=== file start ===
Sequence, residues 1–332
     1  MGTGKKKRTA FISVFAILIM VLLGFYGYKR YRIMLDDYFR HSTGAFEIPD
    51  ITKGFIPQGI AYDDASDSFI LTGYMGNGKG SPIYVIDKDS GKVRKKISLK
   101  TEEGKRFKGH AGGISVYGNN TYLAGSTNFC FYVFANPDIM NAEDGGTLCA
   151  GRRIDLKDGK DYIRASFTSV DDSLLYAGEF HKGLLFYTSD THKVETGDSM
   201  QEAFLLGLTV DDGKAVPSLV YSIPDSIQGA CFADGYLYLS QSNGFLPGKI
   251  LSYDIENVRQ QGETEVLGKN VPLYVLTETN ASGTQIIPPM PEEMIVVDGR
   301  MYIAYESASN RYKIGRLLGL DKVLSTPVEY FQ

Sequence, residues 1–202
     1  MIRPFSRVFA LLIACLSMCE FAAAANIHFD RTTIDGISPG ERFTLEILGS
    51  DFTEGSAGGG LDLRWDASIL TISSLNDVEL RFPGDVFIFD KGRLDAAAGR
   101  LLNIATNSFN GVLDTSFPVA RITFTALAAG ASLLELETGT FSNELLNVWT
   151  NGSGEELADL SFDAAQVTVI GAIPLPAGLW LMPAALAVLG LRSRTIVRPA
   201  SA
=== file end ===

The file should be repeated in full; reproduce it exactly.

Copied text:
Sequence, residues 1–332
     1  MGTGKKKRTA FISVFAILIM VLLGFYGYKR YRIMLDDYFR HSTGAFEIPD
    51  ITKGFIPQGI AYDDASDSFI LTGYMGNGKG SPIYVIDKDS GKVRKKISLK
   101  TEEGKRFKGH AGGISVYGNN TYLAGSTNFC FYVFANPDIM NAEDGGTLCA
   151  GRRIDLKDGK DYIRASFTSV DDSLLYAGEF HKGLLFYTSD THKVETGDSM
   201  QEAFLLGLTV DDGKAVPSLV YSIPDSIQGA CFADGYLYLS QSNGFLPGKI
   251  LSYDIENVRQ QGETEVLGKN VPLYVLTETN ASGTQIIPPM PEEMIVVDGR
   301  MYIAYESASN RYKIGRLLGL DKVLSTPVEY FQ

Sequence, residues 1–202
     1  MIRPFSRVFA LLIACLSMCE FAAAANIHFD RTTIDGISPG ERFTLEILGS
    51  DFTEGSAGGG LDLRWDASIL TISSLNDVEL RFPGDVFIFD KGRLDAAAGR
   101  LLNIATNSFN GVLDTSFPVA RITFTALAAG ASLLELETGT FSNELLNVWT
   151  NGSGEELADL SFDAAQVTVI GAIPLPAGLW LMPAALAVLG LRSRTIVRPA
   201  SA